Professor Dan Lane brought a focus on climate adaptation to this week’s Canadian Operational Research Society Conference in Ottawa. He and his colleagues presented outcomes from “C-Change,” a joint SSHRC/IDRC initiative focusing on Canada and the Caribbean and headquartered out of the Telfer School of Management at the University of Ottawa. Their talks, at the largest Canadian gathering of scientists in operations research, addressed themes such as vulnerability and resilience in seaside communities, risk analysis in decision making, system dynamics and statistical modelling of severe storms, and community response to the effects of sea level rise.

The impetus for C-Change (short for “Coastal Change”) is the need of shoreline communities to plan for the increasing frequency of extreme weather events. In a background paper published on the project’s web site, professor Lane writes, “coastal areas are experiencing greater weather extremes, consistent with climate change model predictions…. there has been a significant increase in the last decade in the intensity of extreme rainfall and flooding events.”

While the problem has “engendered interest across sectors and levels of government in prevention, mitigation and risk reduction measures,” smaller coastline communities tend to be at a disadvantage in facing the threat. They lack the resources that cities have to conduct large-scale simulations to plan for storm surges and sea level rise, even though they may be particularly vulnerable to them. C-Change for this reason has focused on climate adaption in small communities, through an engagement with 8 study sites in Canada and the Carribean.

As an example, the C-Change community was instrumental in organizing an event in Little Anse, Cape Breton, Nova Scotia that enabled emergency officials there to evaluate and simulate response to crisis situations. Lane and his student Alex Chung, a candidate in the M.Sc. System Sciences Program attended the simulation, or “tabletop exercise,” held at Université Saine-Anne, Petit de Grat Campus in May 2014.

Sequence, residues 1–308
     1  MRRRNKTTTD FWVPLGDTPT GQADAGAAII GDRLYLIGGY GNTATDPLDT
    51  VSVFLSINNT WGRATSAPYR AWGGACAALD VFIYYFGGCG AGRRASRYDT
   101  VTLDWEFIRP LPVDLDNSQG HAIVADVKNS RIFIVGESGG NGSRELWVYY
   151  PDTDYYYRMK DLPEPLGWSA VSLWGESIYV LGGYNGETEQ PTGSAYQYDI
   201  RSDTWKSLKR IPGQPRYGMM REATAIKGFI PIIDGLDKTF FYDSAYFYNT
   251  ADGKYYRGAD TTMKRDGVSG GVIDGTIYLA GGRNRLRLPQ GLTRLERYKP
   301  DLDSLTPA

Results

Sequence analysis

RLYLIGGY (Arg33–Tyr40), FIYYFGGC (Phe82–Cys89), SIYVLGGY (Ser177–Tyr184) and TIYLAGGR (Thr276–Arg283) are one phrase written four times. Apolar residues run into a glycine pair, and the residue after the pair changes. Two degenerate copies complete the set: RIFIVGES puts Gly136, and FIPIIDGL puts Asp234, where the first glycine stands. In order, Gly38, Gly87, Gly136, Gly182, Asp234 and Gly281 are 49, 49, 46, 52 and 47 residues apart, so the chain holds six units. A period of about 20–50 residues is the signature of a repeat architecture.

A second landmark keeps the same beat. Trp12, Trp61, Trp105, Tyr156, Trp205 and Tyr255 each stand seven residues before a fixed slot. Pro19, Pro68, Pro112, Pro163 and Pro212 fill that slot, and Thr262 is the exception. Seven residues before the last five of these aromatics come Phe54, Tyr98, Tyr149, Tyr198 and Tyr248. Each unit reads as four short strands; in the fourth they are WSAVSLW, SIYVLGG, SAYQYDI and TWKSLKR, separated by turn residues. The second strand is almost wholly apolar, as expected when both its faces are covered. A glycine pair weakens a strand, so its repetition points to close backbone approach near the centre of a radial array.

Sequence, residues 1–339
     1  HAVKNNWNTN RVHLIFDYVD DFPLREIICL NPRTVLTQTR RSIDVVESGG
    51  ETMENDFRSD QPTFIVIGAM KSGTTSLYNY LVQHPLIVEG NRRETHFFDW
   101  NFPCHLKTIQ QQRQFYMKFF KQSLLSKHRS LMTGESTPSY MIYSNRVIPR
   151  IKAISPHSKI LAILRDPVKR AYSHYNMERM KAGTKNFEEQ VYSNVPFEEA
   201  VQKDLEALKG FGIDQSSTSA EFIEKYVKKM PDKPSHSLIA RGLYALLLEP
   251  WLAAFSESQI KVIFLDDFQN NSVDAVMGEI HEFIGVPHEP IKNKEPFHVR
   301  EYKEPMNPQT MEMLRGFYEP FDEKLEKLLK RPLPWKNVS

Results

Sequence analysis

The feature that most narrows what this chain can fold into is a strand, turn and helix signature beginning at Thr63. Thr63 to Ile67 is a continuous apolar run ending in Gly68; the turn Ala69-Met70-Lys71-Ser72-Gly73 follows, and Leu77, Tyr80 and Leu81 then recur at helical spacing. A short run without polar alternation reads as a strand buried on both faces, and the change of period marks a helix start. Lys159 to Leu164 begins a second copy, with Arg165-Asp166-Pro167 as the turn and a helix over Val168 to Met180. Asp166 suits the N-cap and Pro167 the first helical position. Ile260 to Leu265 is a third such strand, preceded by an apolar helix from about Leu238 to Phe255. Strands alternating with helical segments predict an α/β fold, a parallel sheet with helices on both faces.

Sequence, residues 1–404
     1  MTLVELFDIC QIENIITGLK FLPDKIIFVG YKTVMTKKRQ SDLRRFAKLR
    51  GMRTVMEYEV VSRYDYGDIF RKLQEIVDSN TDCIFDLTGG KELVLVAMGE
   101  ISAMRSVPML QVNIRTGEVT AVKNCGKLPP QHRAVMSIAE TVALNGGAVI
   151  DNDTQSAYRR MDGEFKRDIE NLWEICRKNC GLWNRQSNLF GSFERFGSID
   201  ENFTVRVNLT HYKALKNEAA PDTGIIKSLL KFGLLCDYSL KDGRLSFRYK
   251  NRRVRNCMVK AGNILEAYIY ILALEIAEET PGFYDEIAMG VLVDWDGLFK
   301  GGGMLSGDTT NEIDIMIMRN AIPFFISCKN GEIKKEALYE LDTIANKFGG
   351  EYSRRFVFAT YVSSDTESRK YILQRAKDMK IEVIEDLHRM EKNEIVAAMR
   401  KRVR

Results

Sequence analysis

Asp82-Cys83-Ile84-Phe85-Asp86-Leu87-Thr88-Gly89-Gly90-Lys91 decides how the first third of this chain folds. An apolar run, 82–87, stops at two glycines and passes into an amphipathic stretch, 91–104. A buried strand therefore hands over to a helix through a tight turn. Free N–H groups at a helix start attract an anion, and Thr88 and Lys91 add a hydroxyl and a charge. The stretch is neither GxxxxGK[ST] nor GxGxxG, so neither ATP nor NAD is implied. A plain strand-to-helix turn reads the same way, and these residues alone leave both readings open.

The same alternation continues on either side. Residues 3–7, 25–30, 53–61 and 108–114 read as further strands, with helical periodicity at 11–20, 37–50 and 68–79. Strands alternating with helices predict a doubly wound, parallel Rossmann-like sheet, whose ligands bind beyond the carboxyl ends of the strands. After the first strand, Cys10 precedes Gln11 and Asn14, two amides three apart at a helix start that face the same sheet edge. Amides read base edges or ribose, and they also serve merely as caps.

C-Change Community Collaboration in Cape Breton

The tabletop scenarios, developed by Chung as part of his master’s research, were linked to the potential failure of the local breakwater. “There is one road leading into part of the community, and there is a dip in the hill,” explained Chung. “In a storm surge or flood, the road could be blocked, essentially cutting off some residents. A key factor in this is the breakwater that was supposed to reduce the exposure is not offering the protection that it once did.”

C-Change engaged the Emergency Operations Centre for the Municipality of Richmond County, Cape Breton. The simulation and discussion were facilitated by a local representative with the Red Cross and brought participation by the mayor and councillors, members of the municipality administration, as well as the local MLA and MP for the area as guests. Later, Lane and Chung joined the Red Cross official in speaking to students in area schools as part of Emergency Preparedness Week.

The exercise in Little Anse was typical of other C-Change work in emphasizing, among other results, alternative adaptation strategies in planning for more frequent and severe storms and the evaluation of strategies in support of community decision-making. “The simulation helped build local capacity by demonstrating the need to mobilize knowledge, skills and resources from the ground up,” said Chung.

The trip also exemplified the C-Change approach is contributing knowledge and lessons that have both academic and applied value, Lane explained. “C-Change is using a participatory process of adaptation decision making for the communities, and the outcomes have truly helped these communities prepare for specific local risks and more generally have contributed valuable knowledge about achieving community preparedness to deal with the impacts of climate change.”

About C-Change

The C-Change Project (2009-2014) links community members and university researchers from Canada with members of the Caribbean community in support of research on coastal adaptation to environmental change including the impacts of storm surge and sea-level rise on susceptible coastal communities.

About the Canadian Operations Society Conference

The 2014 CORS Conference was held May 26-28 in Ottawa, with strong contributions from the Telfer School and the University of Ottawa.